Pour yourself a cup of coffee, get comfortable, and let me ruminate for a little bit on our first DNF. It was the 30-hour Atomic race, our first attempt at a race lasting more than 8 hours. It was night and we were trying to locate a control in a reentrant. Not being very good at navigation, and not wanting to lose our reference point, I had Ana stand at the top of a knoll with a flashlight while I searched the 30 or so tiny reentrants that surrounded us. Knowing that I could just look back at any time and see Ana’s light, I wasn’t paying any attention to my compass. But, then it started to downpour and visibility became nil. I could no longer see Ana’s light and I had no idea which direction to go to get back to her. In two seconds I went from knowing where I was to being lost and not being able to find my team. I yelled for Ana, but she couldn’t hear me over the rain.
Don’t believe me? Go try it sometime. The next time it rains, go in the forest and yell for all your worth. I like to do this anytime Ana tells me she wants to repaint the house. It’s crazy how therapeutic it is. It’s also amazing how no one can hear you. Your voice just doesn’t travel well in the woods, especially during a downpour.
It wasn’t until after the rain stopped that I could finally hear Ana yelling for me. Thank god she hadn’t moved from her spot or we would have really been in trouble. I finally spotted her flashlight and made my way to the top of the knoll, where she asked me if I had been crying. I told her of course not, it was just rain washing the mud off my face. It was a scary feeling indeed, and while I can share many more stories of us getting lost, no one has enough time to read them all.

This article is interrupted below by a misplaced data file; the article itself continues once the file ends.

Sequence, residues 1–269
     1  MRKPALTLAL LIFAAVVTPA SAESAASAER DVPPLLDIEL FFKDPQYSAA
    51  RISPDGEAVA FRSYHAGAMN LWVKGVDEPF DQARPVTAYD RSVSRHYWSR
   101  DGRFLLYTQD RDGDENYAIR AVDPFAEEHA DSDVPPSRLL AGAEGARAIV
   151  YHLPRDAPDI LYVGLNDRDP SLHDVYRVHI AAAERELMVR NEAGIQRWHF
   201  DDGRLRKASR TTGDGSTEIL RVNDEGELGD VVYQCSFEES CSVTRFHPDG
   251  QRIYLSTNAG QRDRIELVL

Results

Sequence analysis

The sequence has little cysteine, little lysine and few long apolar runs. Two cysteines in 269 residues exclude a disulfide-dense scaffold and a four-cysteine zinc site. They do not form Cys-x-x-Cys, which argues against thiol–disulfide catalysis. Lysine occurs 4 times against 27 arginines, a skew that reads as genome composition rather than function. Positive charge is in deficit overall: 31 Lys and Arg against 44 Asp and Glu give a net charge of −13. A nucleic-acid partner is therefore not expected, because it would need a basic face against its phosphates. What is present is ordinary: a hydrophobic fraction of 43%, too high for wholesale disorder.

So, why am I telling you this? It’s because I want you to think about one piece of lowly gear that a lot of people overlook, your whistle. It’s mandatory gear in every race I’ve ever been in. In the past I would have just gone to Walmart and picked up any old whistle in order to comply with the rules, or relied on the one that came with my backpack. But, those are crap and mandatory gear shouldn’t be crap.
Imagine your team is bombing a downhill at night and the last rider goes over a ledge. You may not even realize it at first. It’s happened with us on a training ride and it was three or four minutes before we even knew we lost a teammate. We’re not inconsiderate jerks, it’s just that it’s hard to look behind you when you’re going downhill, even as slow as we are. We know of other teams where someone has fallen off of a railroad truss and needed assistance.
There is no quicker way to bring help then by alerting your team, or other racers, with a super loud whistle. And the best whistle out there is made by ACME Whistles.
Now look, don’t get upset thinking that you just got sucked into reading a commercial for ACME Whistles. I’m only sharing this with you because I love our blog readers and I want you to be safe out there. Stuff happens when you’re in the wild, and it can get serious very quickly. Don’t peg your hopes on crap gear. Spend five bucks and get yourself and your team members a quality whistle.
We have the ACME Tornado 636 for our PFDs and the ACME T2000 for our backpacks. How loud are these thing? How about 117dB for the 636! What’s a dB? I don’t know, and it doesn’t matter. What matters is that 117dB is louder than if you were standing 3 feet from your car horn and someone honked it at you…in other words LOUD! And that’s what you want. Loud, dependable, and Day-Glo green (because that’s the best color ever). Actually, they make lots of different colors, so get your favorite.
As a thank you for making it through another rambling post of mine, like the post on Facebook by midnight on 5/10/17 and we’ll choose four people to send a free whistle to. We’ll even cover the postage. How cool is that?